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By Crystal Bailey
You’ve probably heard the phase, “it isn’t what you know, but who you know” when referring to finding new professional opportunities. And even though it might fly in the face of what you have experienced as a physics graduate student—where you’re used to being evaluated primarily on your physics knowledge—who you know is indeed the single most important factor when it comes to furthering your career, whether in or out of academia.
It has been estimated that approximately 70 percent of people have gotten their professional breaks through their network . This means that your chances of being successful at connecting with a potential employer or with someone whose career you’re interested in learning more about in an informational interview depends greatly on how well you’ve been able to build and leverage your own professional network (for more information about informational interviews, please visit our Online Professional Guidebook).
Why “Cold Calling/Emailing” Seldom Works
These days we are all constantly bombarded with requests for our attention through phone calls and emails. Busy professionals are constantly having to decide where to focus their energy based on the return on investment of a response. Some requests merit immediate action (such as those tied to that person carrying out their job responsibilities). Others are less immediate and can be responded to when, or if, the person has time. Still others offer no direct benefit to the person for responding; these requests may be ignored. The problem with cold calls/emails is that they usually fall in the last category—if the person doesn’t stand to gain something from the interaction, they are less likely to respond. The challenge facing job seekers who wish to reach someone in a company is standing out above the “noise” of the requests that bring little to no return on investment for that person.
However, one thing that works to your advantage is our natural tendency to respond to those we have something in common with. Imagine meeting someone at a conference who grew up in your same hometown, was advised by one of your collaborators, or was a friend of one of your friends, as opposed to someone without that common background. Perhaps you would feel more drawn to the person with whom you had a shared experience. The truth is that when we are able to reach out to someone through a shared connection—a mutual friend, membership in a society, or shared alma mater—we rise above the “potential energy barrier” which keeps all those other requests the other person is dealing with at bay. This makes that person more likely to help us by giving us information, or by helping us find the right contact for insights into a job opportunity.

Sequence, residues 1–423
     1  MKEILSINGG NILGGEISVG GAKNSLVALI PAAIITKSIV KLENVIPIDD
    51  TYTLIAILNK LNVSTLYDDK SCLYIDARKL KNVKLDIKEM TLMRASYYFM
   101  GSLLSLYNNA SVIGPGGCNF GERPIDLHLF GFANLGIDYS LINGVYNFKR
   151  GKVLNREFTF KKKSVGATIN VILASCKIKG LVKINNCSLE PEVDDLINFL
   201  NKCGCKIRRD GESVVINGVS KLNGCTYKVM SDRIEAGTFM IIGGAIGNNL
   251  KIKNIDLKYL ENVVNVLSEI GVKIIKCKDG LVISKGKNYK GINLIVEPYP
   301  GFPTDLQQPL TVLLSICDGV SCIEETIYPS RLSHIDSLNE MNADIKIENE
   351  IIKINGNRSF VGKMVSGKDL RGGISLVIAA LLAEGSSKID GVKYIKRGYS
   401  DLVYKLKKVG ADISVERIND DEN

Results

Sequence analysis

How to Build a Useful Network
One way to build a professional network is to take advantage of membership in professional societies or alumni groups. As an APS member you have access to the membership database, which you can use to search for other members by company, government lab, and other types of affiliation—you can even narrow the search down to your state to identify local contacts. Through your institution’s alumni office, you can gain access to information about what former physics graduates of that institution are doing, along with their contact information. Contacts gathered through either of these means would be a great first step in building more professional relationships. When you reach out to these individuals, be sure to mention your shared connection through APS or your institution.
You should also take advantage of professional society meetings to expand your network. Most of these meetings have built-in opportunities for attendees to meet each other (e.g. receptions, lunches, happy hours). Attend these kinds of events whenever possible, and be prepared to talk to everyone you meet about your professional goals. You will be amazed at how many opportunities you can uncover through informal conversations.
Lastly, you should take advantage of resources such as LinkedIn®. LinkedIn® is a powerful tool because it can give you access to all of your 1st degree (people you know directly) and 2nd degree (people who your 1st degree connections know) connections at a glance. Let’s say you wanted to find someone in a specific company to contact for an informational interview. You could go into LinkedIn® and perform a people search, typing the company name in the “Current Company” field, and checking the 1st and 2nd degree connection boxes in the search window. Each of those search results would show you your shared connections to that person, i.e. your 1st degree connections who could provide an email introduction for you. Having that mutual contact introduce you to this new person takes the guesswork out of how to reach out—and as we’ve already discussed, it will also increase the likelihood that they will respond to your request for help.
Taking advantage of your professional network is the best way to learn about opportunities outside of your immediate sphere of experience. However, if all else fails, and you find yourself in a position where a cold call or email is the only option, do your research and try to contact the person who has experience most relevant to your interests—and if possible, try to offer something in return for the exchange, for example helping them to solve a technical problem or providing them with information on a topic that you have some expertise in. With patience, and through trying a variety of techniques, you should successfully be able to forge a variety of personal connections that will benefit your professional development for years to come.
The author is Careers Program Manager at APS. This article was originally published in the APS Forum on Graduate Student Affairs newsletter. For more career resources, visit the Careers page.
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